- Indeterminate Sentences: Indeterminate sentences are those that span a range of years. These sentences, when given, have a minimum and maximum number of years an individual will need to serve before being released. Indeterminate sentences are most often handed down for non-violent felonies. After the minimum amount of time spent in incarceration, a convicted felon with an indeterminate sentence will be eligible for parole. If they are not granted parole, he or she will still not serve more than the maximum time as sentenced by the court.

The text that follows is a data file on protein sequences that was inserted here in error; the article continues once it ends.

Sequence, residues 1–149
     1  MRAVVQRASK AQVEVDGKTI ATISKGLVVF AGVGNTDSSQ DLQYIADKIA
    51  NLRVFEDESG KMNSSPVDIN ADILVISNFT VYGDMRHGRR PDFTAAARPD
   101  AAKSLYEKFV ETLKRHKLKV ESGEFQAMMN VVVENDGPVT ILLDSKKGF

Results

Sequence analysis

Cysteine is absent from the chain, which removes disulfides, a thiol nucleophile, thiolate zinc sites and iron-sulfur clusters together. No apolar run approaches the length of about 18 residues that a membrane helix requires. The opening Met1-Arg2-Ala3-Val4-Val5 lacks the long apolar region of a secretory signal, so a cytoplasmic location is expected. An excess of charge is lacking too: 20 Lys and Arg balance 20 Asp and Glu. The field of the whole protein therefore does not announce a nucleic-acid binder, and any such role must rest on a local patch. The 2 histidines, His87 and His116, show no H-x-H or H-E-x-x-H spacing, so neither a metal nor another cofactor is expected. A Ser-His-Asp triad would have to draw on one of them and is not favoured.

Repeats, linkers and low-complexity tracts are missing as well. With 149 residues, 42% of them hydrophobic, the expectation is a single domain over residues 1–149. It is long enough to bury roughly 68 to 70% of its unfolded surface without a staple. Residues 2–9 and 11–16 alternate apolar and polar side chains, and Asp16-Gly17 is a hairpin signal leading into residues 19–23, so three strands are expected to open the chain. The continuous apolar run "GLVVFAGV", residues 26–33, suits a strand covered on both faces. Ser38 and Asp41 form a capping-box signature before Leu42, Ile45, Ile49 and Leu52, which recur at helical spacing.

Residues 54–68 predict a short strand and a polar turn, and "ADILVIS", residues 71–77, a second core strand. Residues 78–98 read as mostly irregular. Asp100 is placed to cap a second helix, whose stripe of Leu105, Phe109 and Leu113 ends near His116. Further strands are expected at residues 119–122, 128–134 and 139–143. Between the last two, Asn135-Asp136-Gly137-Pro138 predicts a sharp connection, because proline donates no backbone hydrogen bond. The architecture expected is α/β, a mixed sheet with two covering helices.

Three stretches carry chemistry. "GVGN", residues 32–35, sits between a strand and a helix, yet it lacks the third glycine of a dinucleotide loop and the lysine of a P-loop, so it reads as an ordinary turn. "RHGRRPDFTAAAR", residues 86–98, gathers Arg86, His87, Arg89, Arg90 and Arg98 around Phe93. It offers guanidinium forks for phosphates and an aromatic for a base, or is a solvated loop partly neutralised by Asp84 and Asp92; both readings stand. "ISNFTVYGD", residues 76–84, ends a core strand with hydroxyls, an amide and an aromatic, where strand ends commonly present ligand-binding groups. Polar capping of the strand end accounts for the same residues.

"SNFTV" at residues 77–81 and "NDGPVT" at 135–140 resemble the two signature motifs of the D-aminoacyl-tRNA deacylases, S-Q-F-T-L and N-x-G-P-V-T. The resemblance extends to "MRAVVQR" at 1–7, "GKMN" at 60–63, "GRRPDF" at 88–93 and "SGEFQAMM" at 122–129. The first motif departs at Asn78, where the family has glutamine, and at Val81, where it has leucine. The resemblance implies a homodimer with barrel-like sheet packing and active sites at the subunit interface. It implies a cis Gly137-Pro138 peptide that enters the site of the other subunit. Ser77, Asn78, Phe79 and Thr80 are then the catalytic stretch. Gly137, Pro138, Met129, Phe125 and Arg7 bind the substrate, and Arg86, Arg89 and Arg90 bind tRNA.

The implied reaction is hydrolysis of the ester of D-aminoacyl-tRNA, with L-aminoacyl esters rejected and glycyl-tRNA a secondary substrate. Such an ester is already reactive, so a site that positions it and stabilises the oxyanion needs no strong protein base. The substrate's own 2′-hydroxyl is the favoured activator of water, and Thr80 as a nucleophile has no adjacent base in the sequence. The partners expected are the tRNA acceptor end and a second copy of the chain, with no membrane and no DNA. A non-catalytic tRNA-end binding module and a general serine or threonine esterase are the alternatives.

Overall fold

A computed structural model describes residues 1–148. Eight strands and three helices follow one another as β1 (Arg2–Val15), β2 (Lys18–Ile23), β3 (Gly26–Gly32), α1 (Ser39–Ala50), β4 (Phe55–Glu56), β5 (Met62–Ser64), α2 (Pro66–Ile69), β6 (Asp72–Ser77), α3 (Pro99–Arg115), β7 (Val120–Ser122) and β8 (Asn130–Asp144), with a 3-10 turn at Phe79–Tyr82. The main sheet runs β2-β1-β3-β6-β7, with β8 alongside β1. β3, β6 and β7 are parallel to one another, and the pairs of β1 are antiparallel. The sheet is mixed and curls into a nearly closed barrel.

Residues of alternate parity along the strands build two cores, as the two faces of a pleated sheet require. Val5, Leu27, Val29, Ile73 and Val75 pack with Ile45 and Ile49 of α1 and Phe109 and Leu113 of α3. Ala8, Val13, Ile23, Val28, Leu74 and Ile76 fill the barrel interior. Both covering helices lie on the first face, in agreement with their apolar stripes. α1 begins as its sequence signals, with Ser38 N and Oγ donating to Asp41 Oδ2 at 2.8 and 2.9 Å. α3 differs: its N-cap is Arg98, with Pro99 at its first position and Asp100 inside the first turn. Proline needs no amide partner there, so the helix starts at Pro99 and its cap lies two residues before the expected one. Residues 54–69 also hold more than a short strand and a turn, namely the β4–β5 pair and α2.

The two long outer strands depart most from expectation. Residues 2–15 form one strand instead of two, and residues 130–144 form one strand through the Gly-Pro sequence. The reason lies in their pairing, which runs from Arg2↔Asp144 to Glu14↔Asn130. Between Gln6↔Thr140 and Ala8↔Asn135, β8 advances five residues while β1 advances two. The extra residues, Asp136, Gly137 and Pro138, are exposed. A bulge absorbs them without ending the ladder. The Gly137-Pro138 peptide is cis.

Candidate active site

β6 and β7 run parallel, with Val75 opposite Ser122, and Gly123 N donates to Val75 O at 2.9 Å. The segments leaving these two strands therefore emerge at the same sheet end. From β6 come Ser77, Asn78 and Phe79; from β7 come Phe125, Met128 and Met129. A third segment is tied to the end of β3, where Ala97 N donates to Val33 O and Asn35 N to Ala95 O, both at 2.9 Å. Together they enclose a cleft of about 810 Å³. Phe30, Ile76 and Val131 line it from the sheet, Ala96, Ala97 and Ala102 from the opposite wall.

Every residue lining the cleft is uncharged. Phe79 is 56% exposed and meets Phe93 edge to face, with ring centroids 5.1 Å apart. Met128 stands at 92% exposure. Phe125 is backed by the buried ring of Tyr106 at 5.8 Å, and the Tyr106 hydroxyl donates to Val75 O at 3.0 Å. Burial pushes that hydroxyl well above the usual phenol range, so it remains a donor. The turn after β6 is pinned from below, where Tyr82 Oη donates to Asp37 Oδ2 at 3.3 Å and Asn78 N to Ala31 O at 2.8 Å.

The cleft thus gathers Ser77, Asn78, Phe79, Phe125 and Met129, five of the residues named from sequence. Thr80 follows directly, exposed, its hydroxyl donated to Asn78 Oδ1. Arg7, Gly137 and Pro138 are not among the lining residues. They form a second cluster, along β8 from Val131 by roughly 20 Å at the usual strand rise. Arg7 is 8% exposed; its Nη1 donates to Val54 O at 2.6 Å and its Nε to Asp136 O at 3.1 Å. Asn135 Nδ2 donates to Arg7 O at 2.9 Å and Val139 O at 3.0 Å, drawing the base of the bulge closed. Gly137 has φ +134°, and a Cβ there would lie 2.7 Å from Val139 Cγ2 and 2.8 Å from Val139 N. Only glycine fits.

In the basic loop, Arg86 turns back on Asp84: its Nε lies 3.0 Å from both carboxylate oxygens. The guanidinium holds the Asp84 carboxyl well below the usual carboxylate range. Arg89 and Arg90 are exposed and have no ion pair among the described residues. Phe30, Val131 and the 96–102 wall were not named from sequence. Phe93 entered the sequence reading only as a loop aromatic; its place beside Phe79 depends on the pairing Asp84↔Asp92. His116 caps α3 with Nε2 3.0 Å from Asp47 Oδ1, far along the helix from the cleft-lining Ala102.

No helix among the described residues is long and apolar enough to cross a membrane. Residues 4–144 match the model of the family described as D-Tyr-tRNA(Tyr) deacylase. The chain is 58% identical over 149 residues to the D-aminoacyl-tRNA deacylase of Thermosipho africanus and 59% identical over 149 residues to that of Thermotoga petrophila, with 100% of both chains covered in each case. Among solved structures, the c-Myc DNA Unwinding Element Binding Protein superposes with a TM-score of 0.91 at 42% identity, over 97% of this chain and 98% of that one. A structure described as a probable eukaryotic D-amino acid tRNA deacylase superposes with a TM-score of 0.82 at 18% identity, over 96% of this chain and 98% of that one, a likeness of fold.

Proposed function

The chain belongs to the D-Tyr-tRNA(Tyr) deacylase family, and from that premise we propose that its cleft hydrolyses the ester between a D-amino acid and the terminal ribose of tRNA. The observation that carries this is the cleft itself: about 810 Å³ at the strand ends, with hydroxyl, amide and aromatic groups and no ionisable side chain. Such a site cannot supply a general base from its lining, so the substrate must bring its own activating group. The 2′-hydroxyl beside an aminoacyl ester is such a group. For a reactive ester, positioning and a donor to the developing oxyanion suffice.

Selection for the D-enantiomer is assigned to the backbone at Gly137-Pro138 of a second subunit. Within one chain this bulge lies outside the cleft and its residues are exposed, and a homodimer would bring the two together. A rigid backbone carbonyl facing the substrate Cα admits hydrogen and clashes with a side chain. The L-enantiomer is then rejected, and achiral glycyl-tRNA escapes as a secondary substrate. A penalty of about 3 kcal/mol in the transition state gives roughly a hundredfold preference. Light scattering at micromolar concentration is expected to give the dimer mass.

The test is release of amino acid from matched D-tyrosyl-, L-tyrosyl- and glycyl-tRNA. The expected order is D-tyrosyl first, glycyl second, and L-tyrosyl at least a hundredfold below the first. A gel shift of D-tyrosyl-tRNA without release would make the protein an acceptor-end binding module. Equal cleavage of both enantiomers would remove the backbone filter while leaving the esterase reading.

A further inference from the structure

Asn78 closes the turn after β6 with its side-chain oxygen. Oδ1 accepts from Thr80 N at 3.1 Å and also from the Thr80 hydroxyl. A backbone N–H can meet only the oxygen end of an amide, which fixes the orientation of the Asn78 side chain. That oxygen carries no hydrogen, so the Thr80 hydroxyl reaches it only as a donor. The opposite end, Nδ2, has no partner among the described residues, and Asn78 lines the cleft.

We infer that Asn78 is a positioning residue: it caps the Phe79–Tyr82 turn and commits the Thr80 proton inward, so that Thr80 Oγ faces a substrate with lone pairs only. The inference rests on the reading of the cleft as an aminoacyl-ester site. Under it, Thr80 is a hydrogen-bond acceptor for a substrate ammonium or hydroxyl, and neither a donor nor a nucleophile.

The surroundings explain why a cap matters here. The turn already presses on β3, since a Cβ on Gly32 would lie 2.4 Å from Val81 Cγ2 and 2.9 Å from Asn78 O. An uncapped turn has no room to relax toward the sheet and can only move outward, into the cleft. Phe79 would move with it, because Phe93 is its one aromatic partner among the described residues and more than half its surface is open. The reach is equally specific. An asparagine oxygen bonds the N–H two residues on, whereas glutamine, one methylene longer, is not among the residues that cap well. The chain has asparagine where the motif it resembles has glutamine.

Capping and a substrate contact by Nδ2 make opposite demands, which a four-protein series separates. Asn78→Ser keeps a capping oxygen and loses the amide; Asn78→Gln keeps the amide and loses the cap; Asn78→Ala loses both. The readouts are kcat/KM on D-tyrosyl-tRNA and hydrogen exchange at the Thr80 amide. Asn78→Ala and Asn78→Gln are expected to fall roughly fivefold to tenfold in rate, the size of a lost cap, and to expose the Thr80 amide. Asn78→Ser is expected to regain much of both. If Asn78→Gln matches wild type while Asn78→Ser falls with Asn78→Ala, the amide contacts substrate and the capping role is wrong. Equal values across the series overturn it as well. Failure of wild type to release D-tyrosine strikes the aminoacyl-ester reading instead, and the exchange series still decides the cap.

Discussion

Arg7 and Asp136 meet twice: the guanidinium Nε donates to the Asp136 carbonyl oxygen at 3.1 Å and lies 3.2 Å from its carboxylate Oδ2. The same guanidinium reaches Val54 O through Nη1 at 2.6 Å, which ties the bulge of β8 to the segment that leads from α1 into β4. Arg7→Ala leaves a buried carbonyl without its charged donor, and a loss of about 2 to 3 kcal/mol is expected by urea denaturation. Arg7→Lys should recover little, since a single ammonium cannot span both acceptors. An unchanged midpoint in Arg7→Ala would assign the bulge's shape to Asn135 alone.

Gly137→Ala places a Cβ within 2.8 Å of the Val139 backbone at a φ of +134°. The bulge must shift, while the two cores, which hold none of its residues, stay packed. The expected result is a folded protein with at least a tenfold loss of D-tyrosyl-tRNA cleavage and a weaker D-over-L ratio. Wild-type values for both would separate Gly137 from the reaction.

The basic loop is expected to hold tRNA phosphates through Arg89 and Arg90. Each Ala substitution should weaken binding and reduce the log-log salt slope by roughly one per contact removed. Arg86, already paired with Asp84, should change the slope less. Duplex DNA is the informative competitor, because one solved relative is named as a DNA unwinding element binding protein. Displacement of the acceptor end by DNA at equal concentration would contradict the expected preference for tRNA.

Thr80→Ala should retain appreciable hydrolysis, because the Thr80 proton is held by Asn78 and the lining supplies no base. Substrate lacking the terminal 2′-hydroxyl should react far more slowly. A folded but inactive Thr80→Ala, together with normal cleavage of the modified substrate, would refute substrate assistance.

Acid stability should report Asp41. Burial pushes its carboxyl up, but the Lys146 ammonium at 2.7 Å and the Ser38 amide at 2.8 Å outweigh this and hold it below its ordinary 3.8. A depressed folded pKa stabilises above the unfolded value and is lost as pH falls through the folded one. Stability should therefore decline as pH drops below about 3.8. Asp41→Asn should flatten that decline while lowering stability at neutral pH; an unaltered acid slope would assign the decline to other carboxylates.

- Determinate Sentences: Determinate sentences are those that are subjected to a set period of time. Individuals who receive a determinate sentence cannot be released prior to the date set by the court. Determinate sentences are most often given in cases of violent crimes, or repeat offenders.
Those who have served time or have been convicted of two previous felonies are considered to be a “persistent felony offender” in New York. Being identified as a persistent felony offender means you may be sentenced to life in prison if convicted of a third felony offense.
New York takes into consideration several factors before a final sentence is given upon a felony conviction. This includes whether the crime was considered violent or non-violent, the felony’s classification, the convict’s prior criminal record, and more.
Class A Felony